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North Devon Coast
National Landscape

An Area of Oustanding Natural Beauty (AONB)

The North Devon coast has some of the best coastal scenery in the country. It covers a coastal strip from Combe Martin in the east along the coast to the Devon/Cornwall boundary in the west. You can download the leaflet for the North Devon Coast National Landscape. (3.9MB)

A Walk-through of this beautiful coastline
Travelling from Combe Martin in a westerly direction, either by foot or by car, you soon pass the sheltered Watermouth Cove, overlooked by Watermouth Castle, (see attractions page) now an attraction. One then reaches the sheltered Hele Bay with its sandy and shingle beach. Moving on eastwards one reaches Ilfracombe harbour, setting off point for Lundy Island. You will find the Ilfracombe Aquarium (see attractions page) and the RNLI life boat station here, as well as Verity, Damien Hirst’s provocative statue. There are plenty of places to relax and eat.

Lee Bay, near Ilfracombe, North Devon
Ilfracombe harbour
Hartland Point Lighthouse
Overlooking Watermouth Cove towards Great Hangman and Highveer Point in the distance.
Hartland coastline

On foot, following the South West Coast Path, one follows the Torrs Walk to Lee Bay, a picturesque cove with a sandy beach at low tide and lots of rockpools at higher tides. By car, the roads go inland here, with small country lanes down to Lee Bay and on to Mortehoe.

Keeping to the coast path one passes Bull Point lighthouse and on to the quiet Rockham Bay before venturing out to Morte Point. This is aptly named as the rocky outlet goes far into the sea and used to catch many an unwary ship on its rocks. You can see the buoy far out to sea marking the point and at certain tides you can see the underwater rocks causing unusual criss-crossing wave patterns.

From here one soon reaches Woolacombe with its impressive sandy beach stretching about 2 miles to reach Putsborough. The coast path rounds Baggy Point with its high cliffs before reaching Croyde and its small but delightful sandy beach, great for surfing. Rounding Saunton Down the massive expanse of Saunton Sands opens up with the extensive Braunton Burrows running along the back of this beach.

Braunton Burrows is an internationally famous UNESCO Biosphere Reserve, recognising it for its unique flora and fauna, a great place to explore. One then reaches the Taw and Torridge river’s estuary. The River Taw rises on Dartmoor and passes through Barnstaple. The River Torridge rises in North Devon and passes through Bideford. The Tarka Trail cycleway follows around the estuary.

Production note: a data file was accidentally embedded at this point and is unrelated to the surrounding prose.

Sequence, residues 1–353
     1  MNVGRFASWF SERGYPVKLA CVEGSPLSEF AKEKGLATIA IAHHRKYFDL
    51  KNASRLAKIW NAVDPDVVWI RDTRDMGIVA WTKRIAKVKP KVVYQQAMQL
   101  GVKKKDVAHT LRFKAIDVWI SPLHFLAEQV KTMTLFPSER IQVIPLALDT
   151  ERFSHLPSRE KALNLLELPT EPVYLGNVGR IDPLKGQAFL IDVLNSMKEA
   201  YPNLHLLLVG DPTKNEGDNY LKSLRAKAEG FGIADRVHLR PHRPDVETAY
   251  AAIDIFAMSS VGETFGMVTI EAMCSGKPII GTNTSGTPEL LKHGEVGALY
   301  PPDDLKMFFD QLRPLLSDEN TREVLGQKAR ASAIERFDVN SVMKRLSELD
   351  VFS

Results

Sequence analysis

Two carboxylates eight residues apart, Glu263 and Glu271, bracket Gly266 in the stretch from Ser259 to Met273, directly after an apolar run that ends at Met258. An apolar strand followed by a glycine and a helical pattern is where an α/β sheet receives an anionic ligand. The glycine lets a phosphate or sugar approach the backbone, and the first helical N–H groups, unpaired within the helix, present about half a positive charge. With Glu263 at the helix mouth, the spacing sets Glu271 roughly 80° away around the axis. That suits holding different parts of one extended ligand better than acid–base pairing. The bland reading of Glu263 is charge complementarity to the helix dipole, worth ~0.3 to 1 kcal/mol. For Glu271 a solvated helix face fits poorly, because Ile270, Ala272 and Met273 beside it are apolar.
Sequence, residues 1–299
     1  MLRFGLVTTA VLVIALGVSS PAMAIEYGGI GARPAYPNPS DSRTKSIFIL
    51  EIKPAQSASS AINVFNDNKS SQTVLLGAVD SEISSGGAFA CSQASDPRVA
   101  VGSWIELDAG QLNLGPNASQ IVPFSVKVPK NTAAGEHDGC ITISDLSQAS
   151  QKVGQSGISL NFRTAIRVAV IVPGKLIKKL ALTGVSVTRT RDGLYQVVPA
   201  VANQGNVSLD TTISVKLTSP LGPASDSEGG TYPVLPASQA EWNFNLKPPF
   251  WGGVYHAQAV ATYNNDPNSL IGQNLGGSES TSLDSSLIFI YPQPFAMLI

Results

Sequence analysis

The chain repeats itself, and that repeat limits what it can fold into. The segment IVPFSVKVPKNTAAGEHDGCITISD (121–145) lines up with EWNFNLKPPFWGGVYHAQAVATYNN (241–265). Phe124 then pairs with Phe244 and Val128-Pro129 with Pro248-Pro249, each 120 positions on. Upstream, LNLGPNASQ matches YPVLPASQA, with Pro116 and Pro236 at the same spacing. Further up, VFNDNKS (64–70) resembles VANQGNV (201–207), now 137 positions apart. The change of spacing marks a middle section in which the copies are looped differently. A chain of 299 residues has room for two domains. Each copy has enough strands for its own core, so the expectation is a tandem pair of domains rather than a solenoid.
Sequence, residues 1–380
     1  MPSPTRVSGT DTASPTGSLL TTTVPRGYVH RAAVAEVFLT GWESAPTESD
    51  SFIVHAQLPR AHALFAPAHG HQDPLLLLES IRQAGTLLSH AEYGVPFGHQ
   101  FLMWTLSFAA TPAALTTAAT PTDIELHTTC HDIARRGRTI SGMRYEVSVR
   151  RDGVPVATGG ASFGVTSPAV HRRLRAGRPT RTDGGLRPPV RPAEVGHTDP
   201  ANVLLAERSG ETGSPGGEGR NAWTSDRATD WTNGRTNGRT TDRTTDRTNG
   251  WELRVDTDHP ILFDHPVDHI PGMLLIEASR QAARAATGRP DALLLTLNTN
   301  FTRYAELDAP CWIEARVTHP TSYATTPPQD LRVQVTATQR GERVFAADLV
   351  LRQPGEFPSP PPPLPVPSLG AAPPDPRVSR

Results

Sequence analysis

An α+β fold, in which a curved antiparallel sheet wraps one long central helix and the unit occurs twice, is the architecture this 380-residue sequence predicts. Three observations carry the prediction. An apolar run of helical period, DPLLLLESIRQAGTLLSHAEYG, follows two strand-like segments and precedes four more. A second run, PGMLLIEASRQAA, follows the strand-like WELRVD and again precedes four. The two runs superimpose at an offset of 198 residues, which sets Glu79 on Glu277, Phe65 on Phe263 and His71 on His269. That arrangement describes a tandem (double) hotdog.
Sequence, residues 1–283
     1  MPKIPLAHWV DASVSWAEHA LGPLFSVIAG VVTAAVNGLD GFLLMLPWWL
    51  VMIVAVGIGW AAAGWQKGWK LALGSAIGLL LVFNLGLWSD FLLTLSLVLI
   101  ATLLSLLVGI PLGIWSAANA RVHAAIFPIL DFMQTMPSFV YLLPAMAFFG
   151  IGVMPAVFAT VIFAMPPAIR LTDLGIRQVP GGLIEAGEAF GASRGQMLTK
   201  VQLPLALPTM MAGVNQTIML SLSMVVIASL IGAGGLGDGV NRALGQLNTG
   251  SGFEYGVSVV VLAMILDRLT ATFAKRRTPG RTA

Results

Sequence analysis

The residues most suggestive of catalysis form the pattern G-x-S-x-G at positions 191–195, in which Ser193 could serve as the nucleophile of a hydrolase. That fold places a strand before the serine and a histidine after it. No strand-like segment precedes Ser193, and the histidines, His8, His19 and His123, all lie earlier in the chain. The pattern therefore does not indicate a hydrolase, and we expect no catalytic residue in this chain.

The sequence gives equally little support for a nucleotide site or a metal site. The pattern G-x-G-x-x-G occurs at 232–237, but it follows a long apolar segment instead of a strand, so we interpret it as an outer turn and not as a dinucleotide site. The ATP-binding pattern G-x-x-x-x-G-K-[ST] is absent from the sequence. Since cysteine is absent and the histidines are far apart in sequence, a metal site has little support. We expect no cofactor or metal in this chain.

The other side of the estuary one finds the large sandy beach of Westward Ho! with its shingle ridge backing the beach. From here the coast becomes rugged again and the road once again goes inland to Bude. The coast path continues through Clovelly, a wonderful, original, unspoilt fishing village with a steep pebbled path to its harbour, with no cars allowed. Passing through coastal woodland the path then reaches Mouthmill Beach with the amazing Blackchurch Rock, a double rock-arch.

The coast path then continues along to Hartland Point with its lighthouse, soon passing through Smoothlands. Smoothlands valley is a perfect example of a 'sea-dissected valley'. The sea has eroded the northern bank of the valley, causing the stream to cascade over the edge before reaching the sea. The next valley is Blackpool Mill where the Abbey River flows to the sea. Hartland Abbey is just along this valley and makes an interesting detour. One soon reaches Hartland Quay with its museum of shipwrecks. The rock formations here are most impressive.

The coast gets very rugged again, passing St Catherine’s Point, another unusual coastal feature caused by sea-erosion. Soon one reaches Spekes Mill Mouth and its tall waterfall. The coast path continues along the cliff tops before reaching Welcombe Mouth where Devon meets Cornwall and the North Devon AONB finishes.

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